Estimated reading time: 4 minutes, 12 seconds
There was an interesting discussion that came up today at the open access event at AUC, when I asked the speakers about quality and sustainability in crowdsourced initiatives.
One of the speakers was following the twitter feed when I said that, and knows I mentioned that I know it has worked well for open source software, and has worked well for things like Wikipedia… of course, this is often one of the first responses people give: it has worked for open source and wikipedia, so there is no reason to think it won’t work for other things.
Another response (by Seif Abou Zeid of Tahrir Academy) related to the importance of considering that “traditional” notions of quality would not be suitable for the alternative approaches to openness in education we are talking about here. He also felt that crowdsourcing required a leap of faith in the capacity of the community…
The other two panelists (Ahmed Hussein and Tarek Amr) disagreed on the “leap of faith” argument – Ahmed cited the open source movement; Tarek suggested that proofs need to be either based on logic or empirical research; crowdsourcing does not necessarily logically seem to work, but empirical evidence can be gathered to prove its value.
There was a bit of a disagreement here, as Seif seemed to insist that we needed new approaches, that the leap of faith aspect of his argument was important; that we needed to re-think our “criteria” for “quality” and that those in power attempt to maintain control by controlling the discourse about quality, etc.
Speaking to Seif and Ahmed later, I said I agreed with both aspects of the approach to the issue: both that quality perception need to be different for non-traditional approaches to education; and also that empirical evidence can help convince others of that quality (whatever the criteria turn out to be; fixed or flexible).
This, of course, prompted me to cite my favorite article of all time: Beyond Rigor, which suggests that:
“The voices that decry collective, playful learning, often do so from the soapbox of rigor: How can this sort of wild learning — that doesn’t aim at specific objectives, that focuses on dialogue and creativity instead of content mastery — ever pass muster as meaningful academic work?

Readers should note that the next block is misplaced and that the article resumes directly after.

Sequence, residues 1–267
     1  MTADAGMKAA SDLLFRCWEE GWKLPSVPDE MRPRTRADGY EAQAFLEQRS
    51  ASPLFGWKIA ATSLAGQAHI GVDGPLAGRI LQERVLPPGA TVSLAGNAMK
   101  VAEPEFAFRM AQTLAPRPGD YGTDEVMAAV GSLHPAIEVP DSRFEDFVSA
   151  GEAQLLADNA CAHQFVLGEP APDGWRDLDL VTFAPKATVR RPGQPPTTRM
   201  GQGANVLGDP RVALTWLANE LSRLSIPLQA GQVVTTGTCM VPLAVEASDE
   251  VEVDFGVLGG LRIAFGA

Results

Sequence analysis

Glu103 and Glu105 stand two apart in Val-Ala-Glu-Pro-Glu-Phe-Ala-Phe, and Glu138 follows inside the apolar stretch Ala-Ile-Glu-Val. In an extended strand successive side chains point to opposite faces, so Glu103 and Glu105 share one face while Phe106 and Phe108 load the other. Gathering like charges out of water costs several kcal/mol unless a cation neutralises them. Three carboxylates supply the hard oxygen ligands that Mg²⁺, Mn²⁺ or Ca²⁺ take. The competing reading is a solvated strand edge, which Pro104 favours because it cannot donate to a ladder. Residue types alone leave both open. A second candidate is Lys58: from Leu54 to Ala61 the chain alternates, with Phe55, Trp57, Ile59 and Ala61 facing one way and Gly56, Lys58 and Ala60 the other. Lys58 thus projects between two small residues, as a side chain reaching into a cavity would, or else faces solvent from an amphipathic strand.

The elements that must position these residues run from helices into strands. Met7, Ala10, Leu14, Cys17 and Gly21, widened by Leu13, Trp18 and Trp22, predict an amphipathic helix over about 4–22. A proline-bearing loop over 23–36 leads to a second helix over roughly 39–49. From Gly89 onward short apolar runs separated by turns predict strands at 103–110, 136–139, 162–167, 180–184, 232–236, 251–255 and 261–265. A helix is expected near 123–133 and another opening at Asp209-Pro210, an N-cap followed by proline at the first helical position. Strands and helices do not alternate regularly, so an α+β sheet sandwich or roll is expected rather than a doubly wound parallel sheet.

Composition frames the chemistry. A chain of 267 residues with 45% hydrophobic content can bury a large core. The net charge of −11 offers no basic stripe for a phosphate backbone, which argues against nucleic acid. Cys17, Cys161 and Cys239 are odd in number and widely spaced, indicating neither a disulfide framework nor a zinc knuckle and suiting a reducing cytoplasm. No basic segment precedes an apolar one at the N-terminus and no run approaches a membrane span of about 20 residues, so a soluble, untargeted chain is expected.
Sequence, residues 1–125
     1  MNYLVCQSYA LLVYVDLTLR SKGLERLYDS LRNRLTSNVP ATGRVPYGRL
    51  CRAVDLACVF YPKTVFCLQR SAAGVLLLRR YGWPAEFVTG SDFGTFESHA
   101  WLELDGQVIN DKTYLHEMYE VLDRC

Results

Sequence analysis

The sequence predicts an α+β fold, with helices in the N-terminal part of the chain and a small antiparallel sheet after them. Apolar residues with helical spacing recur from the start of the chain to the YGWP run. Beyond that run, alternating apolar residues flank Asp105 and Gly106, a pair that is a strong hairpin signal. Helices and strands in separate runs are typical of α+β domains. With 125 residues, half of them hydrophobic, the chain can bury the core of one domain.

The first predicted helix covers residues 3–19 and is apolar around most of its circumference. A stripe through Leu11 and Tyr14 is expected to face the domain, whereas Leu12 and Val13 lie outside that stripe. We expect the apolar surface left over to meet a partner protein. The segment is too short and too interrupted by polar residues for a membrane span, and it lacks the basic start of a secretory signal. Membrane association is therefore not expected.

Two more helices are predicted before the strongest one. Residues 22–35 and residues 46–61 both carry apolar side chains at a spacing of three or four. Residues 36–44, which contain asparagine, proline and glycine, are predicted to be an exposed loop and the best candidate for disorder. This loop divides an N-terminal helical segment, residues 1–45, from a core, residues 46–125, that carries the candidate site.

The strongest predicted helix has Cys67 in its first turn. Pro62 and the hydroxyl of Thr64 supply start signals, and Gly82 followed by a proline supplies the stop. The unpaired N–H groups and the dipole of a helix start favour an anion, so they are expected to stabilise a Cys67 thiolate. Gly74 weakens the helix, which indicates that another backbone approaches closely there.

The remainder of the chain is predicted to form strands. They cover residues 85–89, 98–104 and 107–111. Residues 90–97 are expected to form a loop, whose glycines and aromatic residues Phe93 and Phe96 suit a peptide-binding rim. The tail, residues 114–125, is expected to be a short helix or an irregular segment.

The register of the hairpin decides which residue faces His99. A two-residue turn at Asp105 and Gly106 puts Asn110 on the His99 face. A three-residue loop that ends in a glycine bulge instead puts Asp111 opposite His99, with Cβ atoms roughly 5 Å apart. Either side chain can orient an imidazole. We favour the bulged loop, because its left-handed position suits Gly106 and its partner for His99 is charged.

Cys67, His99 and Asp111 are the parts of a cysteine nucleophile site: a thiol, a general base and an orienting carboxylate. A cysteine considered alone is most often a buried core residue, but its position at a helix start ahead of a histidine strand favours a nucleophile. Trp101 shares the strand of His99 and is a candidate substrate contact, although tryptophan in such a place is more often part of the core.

In truth, it cannot. But not because the product of playful learning isn’t meaningful, but because our notion of academic rigor is irrelevant to that product. We must move past our traditional definition of rigorous academic work, and recognize that a learning experience or a pedagogical methodology can be both playful and also have the qualities of the best academic work, if not the reagents of traditional rigor. We hear “rigor,” and the word feels vague and unnerving; or worse, exclusionary. The work we’re describing here is expansive and not exacting — experimental and not insoluble — the moment before (and even anathema to) understanding. This is work where excellence is measured by exception.”
And even regarding what counts as empirical evidence, those processes and standards also need to change.
But there is one important point I wanted to make here. First, that the “success” of the open source movement cannot wholly be used to support arguments about success of crowdsourcing in different contexts, because crowdsourcing is contextually-dependent, isn’t it? Crowdsourcing depends on the community and the process and the success of that combination.
Let’s take the example of wikipedia. There are many Rafael Nadal (tennis player) fans, who will update the wikipedia page with his latest news and correct wrong information about him when they see it. They visit his page often enough to do so. However, there are probably many more players who are obscure and who may not have strong following; their pages may not be updated as frequently. Instances have occurred where certain wikipedia pages have held erroneous information for long periods of time. This is not an argument against crowdsourcing, or the “quality” of wikipedia, but an argument for the contextualized nature of crowdsourcing: it works better in some contexts than others. Its sustainability, too, depends on context. The passion and commitment and self-motivation of the people you draw into the crowdsourcing.
I just recently “crowdsourced” an interview with Dave Cormier and it worked… it might not have worked: if I did not have enough followers on twitter or my blog; if Dave was not such a popular character; if the ppl who know Dave and me didn’t have interesting questions, if they were too shy to ask them publicly. More than that, it would have been nothing if the journal hadn’t agreed to do this experiment, if Dave hadn’t.
So this is my point. There is both a “leap of faith” here, and a need to “experiment” and see if it works, and learn from that. But every time will be a bit of a gamble. It’s just a gamble that is really worth taking. What do others think?